Updated: Jan 9
Psychedelic researchers continue to uncover new spectrums of therapeutic benefits contributed to psilocybin, the active ingredient in magic mushrooms. Most recently, the results of a newly published randomized double-blind placebo-controlled study suggest that psilocybin-assisted therapy reduces heavy drinking in patients with alcohol use disorder, and nearly half of the patients stopped drinking altogether.
The study which was conducted by researchers at NYU Grossman School of Medicine involved 93 men and women with alcohol dependence. The participants were offered 12 weeks of motivational enhancement therapy and cognitive behavioral therapy and were randomly administered either two doses of psilocybin (25-40mg) or an antihistamine placebo over 2 day-long medication sessions at weeks 4 and 8. Neither the participants. nor the researchers had knowledge of which medication they received. The researchers then assessed the participants for 32 weeks following the initial dose session.
Within the 8-month observation period, patients who were given psilocybin reduced heavy drinking by 83% vs 51% for the antihistamine control group. Furthermore, the results also demonstrated that in the 8 months following the initial dose, an impressive 48% of the participants who received psilocybin quit drinking altogether compared to 24% for the placebo group.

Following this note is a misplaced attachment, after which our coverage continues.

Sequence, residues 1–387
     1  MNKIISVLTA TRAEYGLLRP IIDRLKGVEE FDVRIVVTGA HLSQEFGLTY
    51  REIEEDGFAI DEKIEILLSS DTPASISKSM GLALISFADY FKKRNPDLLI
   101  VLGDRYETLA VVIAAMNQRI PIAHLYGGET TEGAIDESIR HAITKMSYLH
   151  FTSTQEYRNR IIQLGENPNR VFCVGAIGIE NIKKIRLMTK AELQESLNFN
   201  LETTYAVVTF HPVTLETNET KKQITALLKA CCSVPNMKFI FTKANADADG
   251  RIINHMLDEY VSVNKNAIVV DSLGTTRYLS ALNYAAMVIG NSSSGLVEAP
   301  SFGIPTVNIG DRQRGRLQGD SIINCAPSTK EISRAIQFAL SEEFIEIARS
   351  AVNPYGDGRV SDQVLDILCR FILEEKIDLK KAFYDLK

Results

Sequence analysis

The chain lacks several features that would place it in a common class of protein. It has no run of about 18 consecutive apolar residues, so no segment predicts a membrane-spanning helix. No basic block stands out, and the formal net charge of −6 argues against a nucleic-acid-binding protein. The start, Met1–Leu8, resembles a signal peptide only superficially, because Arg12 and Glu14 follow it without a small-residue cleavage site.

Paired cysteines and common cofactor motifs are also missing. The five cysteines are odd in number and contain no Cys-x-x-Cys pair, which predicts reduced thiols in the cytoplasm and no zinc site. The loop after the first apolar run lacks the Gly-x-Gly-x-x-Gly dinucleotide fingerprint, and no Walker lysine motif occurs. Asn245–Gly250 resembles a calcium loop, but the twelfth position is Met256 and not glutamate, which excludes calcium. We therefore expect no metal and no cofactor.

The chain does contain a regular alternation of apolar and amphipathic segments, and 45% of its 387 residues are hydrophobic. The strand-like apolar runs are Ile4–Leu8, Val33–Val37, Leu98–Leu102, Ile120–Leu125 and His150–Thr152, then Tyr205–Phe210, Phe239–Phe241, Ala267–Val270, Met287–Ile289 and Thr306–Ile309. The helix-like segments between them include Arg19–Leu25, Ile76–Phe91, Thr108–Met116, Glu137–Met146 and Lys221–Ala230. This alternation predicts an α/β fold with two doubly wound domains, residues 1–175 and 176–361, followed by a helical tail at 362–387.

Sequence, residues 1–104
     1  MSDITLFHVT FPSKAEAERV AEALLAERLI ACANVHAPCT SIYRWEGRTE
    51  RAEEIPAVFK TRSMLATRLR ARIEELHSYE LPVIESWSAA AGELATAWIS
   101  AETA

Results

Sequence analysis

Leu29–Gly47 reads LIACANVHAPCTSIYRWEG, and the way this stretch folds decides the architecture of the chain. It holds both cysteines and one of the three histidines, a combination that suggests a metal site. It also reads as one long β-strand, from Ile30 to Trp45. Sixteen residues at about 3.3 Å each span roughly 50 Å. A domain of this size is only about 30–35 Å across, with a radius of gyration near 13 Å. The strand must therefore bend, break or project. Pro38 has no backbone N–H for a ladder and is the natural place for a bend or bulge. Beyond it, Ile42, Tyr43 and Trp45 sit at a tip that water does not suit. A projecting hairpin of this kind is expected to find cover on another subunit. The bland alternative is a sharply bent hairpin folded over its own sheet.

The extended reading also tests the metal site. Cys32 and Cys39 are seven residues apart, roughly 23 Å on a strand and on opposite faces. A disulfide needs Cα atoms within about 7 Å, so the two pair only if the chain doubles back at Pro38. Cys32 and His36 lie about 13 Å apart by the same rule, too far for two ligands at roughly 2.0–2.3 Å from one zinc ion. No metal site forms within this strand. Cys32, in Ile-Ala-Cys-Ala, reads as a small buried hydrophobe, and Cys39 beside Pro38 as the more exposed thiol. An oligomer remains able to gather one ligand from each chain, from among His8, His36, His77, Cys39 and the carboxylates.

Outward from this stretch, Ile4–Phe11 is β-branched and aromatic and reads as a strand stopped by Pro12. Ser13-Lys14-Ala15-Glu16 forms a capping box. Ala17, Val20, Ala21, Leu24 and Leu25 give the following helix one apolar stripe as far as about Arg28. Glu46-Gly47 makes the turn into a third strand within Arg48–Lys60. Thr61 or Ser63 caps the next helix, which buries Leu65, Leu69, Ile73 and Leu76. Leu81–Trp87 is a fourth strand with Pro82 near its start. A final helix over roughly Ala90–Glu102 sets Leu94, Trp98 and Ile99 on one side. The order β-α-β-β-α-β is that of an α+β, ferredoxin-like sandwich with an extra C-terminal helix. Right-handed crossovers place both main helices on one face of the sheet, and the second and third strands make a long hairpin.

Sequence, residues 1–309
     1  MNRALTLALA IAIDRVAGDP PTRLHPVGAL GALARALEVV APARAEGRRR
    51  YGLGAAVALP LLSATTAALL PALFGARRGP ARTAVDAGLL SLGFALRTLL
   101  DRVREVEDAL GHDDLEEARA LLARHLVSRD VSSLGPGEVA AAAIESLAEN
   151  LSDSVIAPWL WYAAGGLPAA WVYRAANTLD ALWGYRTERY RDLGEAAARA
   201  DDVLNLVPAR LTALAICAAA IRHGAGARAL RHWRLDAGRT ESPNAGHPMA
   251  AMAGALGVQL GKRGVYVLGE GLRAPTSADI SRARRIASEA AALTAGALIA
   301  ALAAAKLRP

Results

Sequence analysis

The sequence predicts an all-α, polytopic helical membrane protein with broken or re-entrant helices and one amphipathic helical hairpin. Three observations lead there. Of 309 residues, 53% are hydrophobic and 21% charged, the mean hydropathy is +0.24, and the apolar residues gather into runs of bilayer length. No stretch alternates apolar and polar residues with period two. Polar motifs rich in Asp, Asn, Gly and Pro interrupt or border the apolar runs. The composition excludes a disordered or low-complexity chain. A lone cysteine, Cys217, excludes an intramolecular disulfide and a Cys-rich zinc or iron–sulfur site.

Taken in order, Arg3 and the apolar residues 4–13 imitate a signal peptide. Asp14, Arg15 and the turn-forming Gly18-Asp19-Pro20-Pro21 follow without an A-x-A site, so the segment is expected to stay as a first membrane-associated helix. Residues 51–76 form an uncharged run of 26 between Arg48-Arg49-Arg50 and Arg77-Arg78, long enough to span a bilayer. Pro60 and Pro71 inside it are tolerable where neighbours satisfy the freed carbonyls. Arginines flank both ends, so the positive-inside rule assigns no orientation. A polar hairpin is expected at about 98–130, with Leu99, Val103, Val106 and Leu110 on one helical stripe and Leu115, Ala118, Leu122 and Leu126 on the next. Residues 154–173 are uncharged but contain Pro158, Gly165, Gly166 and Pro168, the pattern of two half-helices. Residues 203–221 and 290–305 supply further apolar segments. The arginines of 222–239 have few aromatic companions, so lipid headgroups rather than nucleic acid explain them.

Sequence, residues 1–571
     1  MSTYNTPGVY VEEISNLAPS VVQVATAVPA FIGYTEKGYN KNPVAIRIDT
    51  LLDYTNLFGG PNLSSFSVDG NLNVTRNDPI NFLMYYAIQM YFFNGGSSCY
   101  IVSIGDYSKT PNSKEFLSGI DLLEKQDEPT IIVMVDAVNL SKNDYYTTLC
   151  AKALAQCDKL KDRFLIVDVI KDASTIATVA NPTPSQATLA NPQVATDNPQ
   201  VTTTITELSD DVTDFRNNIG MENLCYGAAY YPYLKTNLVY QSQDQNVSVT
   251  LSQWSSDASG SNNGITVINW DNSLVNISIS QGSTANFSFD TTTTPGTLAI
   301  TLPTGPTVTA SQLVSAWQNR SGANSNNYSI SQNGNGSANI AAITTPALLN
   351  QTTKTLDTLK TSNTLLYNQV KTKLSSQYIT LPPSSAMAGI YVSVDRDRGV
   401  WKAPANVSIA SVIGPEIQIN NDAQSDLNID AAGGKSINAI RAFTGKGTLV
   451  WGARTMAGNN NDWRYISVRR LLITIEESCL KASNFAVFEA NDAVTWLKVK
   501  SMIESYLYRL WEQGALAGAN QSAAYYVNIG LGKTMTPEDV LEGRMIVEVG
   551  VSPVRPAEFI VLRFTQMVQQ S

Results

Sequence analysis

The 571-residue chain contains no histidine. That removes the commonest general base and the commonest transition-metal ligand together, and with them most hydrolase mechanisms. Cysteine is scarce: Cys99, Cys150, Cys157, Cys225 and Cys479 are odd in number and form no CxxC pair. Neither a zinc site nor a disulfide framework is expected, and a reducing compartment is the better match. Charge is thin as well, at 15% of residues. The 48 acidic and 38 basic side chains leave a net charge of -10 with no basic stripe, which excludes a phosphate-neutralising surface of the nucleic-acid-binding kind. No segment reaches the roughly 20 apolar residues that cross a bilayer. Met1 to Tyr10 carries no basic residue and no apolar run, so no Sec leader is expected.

No serious adverse side effects were reported in the group that received psilocybin.
These findings offer an incredibly hopeful potential avenue for the treatment of alcohol use disorder which according to the Center for Disease Control and Prevention is responsible for 95,000 annual mortalities in the United States.
“Our findings strongly suggest that psilocybin therapy is a promising means of treating alcohol use disorder, a complex disease that has proven notoriously difficult to manage,” says study senior author and psychiatrist Michael P. Bogenschutz, MD, director of NYU Langone’s Center for Psychedelic Medicine.
These findings join the many other clinical studies that have in the past recorded the benefits of psilocybin in relation to substance use disorders like reducing cocaine use, reducing the risk of opioid addiction, and reducing alcohol use disorder relapses.
“As research into psychedelic treatment grows, we find more possible applications for mental health conditions,” says Dr. Bogenschutz. “Beyond alcohol use disorder, this approach may prove useful in treating other addictions such as cigarette smoking and abuse of cocaine and opioids.”